To say that Week 3’s presentation was hard would be an understatement. The entire day flew by me as I struggled immensely with my selected Workout Wednesday, and I had to ask for a lot of help to even get started on the data. However, in saying that, I have learnt a lot (even if it wasn’t necessarily in the space of LODs or Table Calcs) and was instead a valuable lesson in how I can set myself up for failure before even starting on the visualising process.

Early Problems

The Workout Wednesday I chose was centered around re-creating this chart displaying some statistics on Week 7 of the 2020-21 Premier League season, and immediately I ran into a lot of problems. Firstly, I hadn’t realised that the data source had updated after the initial upload of the visualisation and now displayed the results of the entire season as opposed to the smaller sample size in the example. This led to a lot of panic and confusion for the initial hours of the day, with me wondering why every single calculation I made returned the same result. A more thorough check of the data source before hopping right into Tableau could’ve easily avoided this early trouble. Lesson learnt at the expense of almost 1.5-2 hours of work.

The problems continued, though creating the list of teams and the columns of tracking wins, losses, and draws were somewhat straightforward in the required calculations, and the provided information in the data source was extremely helpful in generating this data, I ran into an immediate roadblock with the final part of the exercise which was, strangely enough, the tooltip.

Issues with Data Formatting

In the actual challenge post, the designer of the problem wanted the tooltip of each of the last five matches to show the opponent of each match upon hovering. The problem was, that was physically impossible or extremely difficult given the method in how I created the data for all the teams. As the data source itself had two separate columns for the home and away team of any given match, I pivoted them together in order to actually create a new column from which I could get my team names without them being tied to a specific side of a game.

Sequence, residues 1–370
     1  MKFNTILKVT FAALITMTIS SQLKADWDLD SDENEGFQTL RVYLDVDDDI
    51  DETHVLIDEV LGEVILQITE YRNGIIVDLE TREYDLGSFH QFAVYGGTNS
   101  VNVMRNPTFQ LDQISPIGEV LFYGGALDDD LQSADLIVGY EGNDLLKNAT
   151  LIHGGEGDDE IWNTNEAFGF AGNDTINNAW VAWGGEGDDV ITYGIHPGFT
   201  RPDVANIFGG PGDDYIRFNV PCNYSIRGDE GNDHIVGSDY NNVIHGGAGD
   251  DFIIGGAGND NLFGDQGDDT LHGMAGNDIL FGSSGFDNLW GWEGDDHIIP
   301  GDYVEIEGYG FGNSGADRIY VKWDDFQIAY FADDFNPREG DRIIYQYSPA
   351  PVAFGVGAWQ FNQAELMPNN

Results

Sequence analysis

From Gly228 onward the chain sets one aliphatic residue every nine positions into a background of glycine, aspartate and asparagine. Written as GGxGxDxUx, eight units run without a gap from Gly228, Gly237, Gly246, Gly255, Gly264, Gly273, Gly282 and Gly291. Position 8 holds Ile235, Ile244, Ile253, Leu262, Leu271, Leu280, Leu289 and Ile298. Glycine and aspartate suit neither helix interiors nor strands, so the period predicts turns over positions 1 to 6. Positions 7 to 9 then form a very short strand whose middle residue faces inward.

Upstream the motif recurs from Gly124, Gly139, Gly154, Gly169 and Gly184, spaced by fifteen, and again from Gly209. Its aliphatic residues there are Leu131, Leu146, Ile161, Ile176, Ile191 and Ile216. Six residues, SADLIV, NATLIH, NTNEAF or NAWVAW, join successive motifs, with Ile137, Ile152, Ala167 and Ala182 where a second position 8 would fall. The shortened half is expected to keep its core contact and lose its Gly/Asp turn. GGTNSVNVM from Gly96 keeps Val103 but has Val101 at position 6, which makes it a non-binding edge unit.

This was totally fine for the rest of the challenge, but also rendered my tooltip completely useless. As I had amalgamated every team into one column and their home or away status in another, I now had no way of being able to write a calculation to output the opponent of those last 5 matches each team played in. Perhaps there is a more convoluted way I could further transform the data using the time field of each match, but I suspect that would just undo the pivoting that I had performed and in turn broken the other charts.


The main takeaway from all this was that I had basically set myself up for failure at multiple points of the challenge but was taught valuable lessons about the process itself.

  1. The data being given will rarely be in a useable state that meets my needs. While the data source itself was detailed and well-documented, I still had to transform it to be able to even start working on it, something that I will no doubt encounter in the real world. Leading on from that, I should also be more vigilant in examining the data before any work. I was complacent due to the exercise nature of the task at hand and assumed that the data would already be correct to the listed specifications but should’ve verified this myself. In the future, this will most definitely be the first part of my work pipeline.
  2. Plan ahead. Had I bothered to actually check the tooltips and form at least a vague mental image of how I’d achieve it, I would have realised that the pivot method of combining my two columns together would make this an impossible or at the very least, extremely difficult task. Instead of being so eager to start visualising and creating charts, I should have sat down and mapped out my entire process so I had a clear endgoal rather than blindly stumbling around in the dark.

Overall, this was a very educational experience, though my own personal frustrations about the challenge being less about the aforementioned LODs or Table Calcs and more a challenge in preparing data for visualisation and analysis, it served as an early sobering reminder about what I may encounter within this job.

Daniel Yam
Author: Daniel Yam